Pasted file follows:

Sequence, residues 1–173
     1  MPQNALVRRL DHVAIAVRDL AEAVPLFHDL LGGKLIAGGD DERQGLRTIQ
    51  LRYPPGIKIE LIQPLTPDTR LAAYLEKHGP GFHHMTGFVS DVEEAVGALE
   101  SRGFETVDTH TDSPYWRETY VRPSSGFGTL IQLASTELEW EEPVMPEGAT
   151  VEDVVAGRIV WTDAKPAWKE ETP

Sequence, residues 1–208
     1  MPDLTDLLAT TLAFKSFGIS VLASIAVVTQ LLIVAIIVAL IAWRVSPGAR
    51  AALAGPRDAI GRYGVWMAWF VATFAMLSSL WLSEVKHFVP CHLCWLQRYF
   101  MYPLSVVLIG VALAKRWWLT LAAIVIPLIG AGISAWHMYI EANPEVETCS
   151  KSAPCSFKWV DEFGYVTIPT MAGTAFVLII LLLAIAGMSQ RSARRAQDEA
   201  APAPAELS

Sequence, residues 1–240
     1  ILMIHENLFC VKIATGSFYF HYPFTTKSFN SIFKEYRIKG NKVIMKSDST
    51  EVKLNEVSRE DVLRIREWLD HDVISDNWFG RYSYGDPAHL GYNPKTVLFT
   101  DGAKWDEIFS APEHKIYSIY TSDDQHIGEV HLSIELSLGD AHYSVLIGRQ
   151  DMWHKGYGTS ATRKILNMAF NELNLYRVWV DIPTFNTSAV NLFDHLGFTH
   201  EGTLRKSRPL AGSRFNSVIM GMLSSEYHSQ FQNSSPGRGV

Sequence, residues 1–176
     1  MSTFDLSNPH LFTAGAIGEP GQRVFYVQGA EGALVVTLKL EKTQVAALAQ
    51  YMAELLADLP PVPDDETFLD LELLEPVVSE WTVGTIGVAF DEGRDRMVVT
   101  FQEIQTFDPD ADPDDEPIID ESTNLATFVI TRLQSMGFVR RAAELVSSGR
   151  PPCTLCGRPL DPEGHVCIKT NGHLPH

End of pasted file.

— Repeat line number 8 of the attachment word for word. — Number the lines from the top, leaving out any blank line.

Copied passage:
    51  AALAGPRDAI GRYGVWMAWF VATFAMLSSL WLSEVKHFVP CHLCWLQRYF